- Liability of Members of Unincorporated Associations
- Family of Penn State Altoona Suicide Victim Files Lawsuit
- Therapy Animals Coming to a Dorm Room Near You
- Drug Testing for Alabama Football Fraternities
Newsletter > January 2016 > "Drug Testing for Alabama Football Fraternities"
Drug Testing for Alabama Football Fraternities
Sean Callan, Manley Burke, email@example.com
Without attracting attention, the University of Alabama created and implemented a mandatory drug testing program aimed directly at fraternity members. According to recent published reports,1 UA now requires drug testing of members of multiple Greek letter organizations on campus. It is unclear precisely which organizations are targeted, but it appears that Sigma Nu and SAE are among the chapters subject to the drug testing program.
Details of the program are not available from any source document. There does not appear to be any published policy or public statement from UA on the matter. While UA has publicly confirmed that it is drug testing some fraternity members, it has refused to confirm how many or which ones. Likewise, it is unclear if the basis for mandatory testing rests on anything more than being a member of one of the targeted organizations.
Some details of the program are documented in news reports. According to reports, every active member of the targeted organizations was tested at the beginning of the school year (Fall, 2015). Then, each week, several members of each targeted chapter are chosen for random testing. The result is that about 5% of the membership of targeted organizations is tested each week. Finally, a failure to take or pass any drug test results in discipline. The range of discipline is varied depending on the nature of the infraction, the history of the student, and other individualized factors. In short, this testing program appears to be a broad based, intensive effort, unlike anything seen before on any other campus.
The practical effects of a program like this could be far-reaching. Indeed one former fraternity member at UA asserted that drug testing is “. . . killing the fraternity from the inside without even knowing it”. It is easy to see how any individual would potentially balk at giving drug test results not just to a fraternity, but to the school itself and in this case, the State of Alabama. By participating in such a program, the severity of potential discipline is raised from internal fraternity discipline, to suspension or expulsion from school, and potentially even criminal prosecution. It is a heavy handed approach that could certainly deter some people from joining fraternities, and may well convince active members to leave their fraternity rather than subject themselves to potentially severe sanctions.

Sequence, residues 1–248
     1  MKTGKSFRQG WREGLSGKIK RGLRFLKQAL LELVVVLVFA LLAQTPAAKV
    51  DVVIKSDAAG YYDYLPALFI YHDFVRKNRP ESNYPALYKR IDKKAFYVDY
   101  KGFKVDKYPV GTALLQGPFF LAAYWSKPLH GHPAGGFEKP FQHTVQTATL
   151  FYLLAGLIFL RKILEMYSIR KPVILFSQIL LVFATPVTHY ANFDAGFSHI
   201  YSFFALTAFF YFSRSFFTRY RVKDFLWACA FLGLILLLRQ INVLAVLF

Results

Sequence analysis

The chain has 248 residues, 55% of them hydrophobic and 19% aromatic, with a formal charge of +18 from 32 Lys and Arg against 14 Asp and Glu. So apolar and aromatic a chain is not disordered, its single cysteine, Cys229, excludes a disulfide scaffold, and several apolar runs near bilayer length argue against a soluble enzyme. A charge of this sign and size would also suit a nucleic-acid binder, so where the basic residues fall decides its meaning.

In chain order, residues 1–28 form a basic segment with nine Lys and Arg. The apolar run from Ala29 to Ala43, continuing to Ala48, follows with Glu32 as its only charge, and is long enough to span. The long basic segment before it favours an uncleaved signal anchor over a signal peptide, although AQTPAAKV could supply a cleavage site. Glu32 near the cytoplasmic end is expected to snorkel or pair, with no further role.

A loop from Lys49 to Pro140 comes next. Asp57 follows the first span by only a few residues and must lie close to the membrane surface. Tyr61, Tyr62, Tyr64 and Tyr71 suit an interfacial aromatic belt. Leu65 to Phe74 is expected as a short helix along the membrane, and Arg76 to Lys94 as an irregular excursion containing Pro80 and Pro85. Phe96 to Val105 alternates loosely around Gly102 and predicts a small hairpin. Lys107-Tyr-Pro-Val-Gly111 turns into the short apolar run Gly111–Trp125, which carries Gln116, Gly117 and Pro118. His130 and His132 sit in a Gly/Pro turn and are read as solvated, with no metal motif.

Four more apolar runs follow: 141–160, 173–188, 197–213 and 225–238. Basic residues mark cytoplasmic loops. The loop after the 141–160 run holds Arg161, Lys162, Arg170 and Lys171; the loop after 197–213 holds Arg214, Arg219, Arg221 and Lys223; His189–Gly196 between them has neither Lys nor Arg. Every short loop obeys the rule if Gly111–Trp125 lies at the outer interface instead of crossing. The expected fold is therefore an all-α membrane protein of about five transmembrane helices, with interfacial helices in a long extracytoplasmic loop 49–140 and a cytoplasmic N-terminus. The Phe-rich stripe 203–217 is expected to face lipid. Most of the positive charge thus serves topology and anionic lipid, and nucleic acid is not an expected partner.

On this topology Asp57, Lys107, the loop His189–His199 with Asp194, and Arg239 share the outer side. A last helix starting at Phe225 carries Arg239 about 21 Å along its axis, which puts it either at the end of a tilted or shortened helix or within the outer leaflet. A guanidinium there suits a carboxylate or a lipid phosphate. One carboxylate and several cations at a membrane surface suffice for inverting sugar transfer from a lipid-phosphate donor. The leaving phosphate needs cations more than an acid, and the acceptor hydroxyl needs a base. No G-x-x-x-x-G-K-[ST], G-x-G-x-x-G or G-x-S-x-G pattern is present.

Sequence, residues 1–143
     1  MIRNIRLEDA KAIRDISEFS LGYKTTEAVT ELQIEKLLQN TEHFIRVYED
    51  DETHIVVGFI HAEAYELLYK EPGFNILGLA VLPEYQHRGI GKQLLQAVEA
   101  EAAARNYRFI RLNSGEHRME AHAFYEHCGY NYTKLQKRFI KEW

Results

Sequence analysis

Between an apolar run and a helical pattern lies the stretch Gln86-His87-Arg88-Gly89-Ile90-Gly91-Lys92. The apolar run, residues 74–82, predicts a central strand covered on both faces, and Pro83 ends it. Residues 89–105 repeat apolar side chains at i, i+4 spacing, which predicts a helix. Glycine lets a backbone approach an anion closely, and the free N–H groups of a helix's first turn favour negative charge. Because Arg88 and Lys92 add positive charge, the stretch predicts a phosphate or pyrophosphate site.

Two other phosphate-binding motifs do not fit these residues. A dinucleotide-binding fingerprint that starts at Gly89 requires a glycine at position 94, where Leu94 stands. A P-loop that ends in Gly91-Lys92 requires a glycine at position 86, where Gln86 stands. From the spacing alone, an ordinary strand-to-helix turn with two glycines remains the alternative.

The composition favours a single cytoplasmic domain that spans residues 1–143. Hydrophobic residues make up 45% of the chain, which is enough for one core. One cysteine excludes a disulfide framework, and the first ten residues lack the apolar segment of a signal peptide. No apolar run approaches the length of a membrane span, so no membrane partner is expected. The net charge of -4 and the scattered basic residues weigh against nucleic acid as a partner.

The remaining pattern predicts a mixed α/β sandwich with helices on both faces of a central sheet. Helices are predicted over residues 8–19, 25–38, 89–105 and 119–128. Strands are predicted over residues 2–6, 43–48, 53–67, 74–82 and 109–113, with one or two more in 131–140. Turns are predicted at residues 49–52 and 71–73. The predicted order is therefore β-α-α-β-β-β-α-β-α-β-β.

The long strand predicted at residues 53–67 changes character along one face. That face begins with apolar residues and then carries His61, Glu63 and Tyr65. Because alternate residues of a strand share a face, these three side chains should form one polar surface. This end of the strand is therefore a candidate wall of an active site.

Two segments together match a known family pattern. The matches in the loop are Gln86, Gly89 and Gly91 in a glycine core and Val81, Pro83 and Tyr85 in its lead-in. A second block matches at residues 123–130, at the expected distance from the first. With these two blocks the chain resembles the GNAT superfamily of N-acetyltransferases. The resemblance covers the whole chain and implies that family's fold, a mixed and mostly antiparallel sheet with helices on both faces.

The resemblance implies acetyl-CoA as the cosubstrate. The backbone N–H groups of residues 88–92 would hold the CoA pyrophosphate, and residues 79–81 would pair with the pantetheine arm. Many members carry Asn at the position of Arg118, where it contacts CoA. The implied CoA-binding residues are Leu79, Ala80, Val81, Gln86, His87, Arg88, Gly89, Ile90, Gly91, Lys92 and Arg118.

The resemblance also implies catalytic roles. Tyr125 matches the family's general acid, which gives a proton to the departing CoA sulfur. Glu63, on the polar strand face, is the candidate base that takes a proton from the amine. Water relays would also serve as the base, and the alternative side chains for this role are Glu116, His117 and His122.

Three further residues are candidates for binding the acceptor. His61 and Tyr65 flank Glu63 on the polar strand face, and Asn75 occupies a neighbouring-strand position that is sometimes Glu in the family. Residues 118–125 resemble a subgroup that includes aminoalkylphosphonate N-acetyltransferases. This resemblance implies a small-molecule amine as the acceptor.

The legal implications of such a program are potentially numerous. Without knowing the full details of the program, it is not possible to definitively state whether this program is lawful or not. But on the surface, there are aspects of this program that are undoubtedly questionable.
First and foremost, for the government to compel a drug test there must normally be at least a reasonable suspicion of drug use based upon articulable and specific facts. Here, it appears that the basis for administering the test is based not any specific suspicion of drug use, but rather upon membership in a fraternal organization.
In some cases, courts have upheld programs which result in a brief search or seizure without any reasonable suspicion of unlawful activity. OVI checkpoints are a good example of this kind of constitutionally sound program. But, the key to this kind of program is that it is uniformly applied. Here, the UA drug testing program is specifically not uniformly applied. It appears to be targeted only at fraternal organizations, and indeed, not even every fraternal organization. It seems more like a targeted investigation of specific subjects rather than a generally applied program such as an OVI checkpoint.
Finally, if individuals are targeted for testing based upon their membership in certain organizations, there is certainly an interference with the full exercise of that person’s right of association. Again, whether this program might survive scrutiny will lie in the details of its application and processes. But superficially, the program appears to be a constitutionally questionable chilling of these students’ right of association.
As stated above, we have not seen anything like the UA program at any other campus. That said, these kinds of programs have a tendency to be replicated elsewhere. Private institutions would have more leeway to implement a program like this without any constitutional concerns. On public campuses, however, the details behind these programs will be critical to understanding whether or not they pass constitutional muster. We will continue to monitor this issue as it unfolds before us.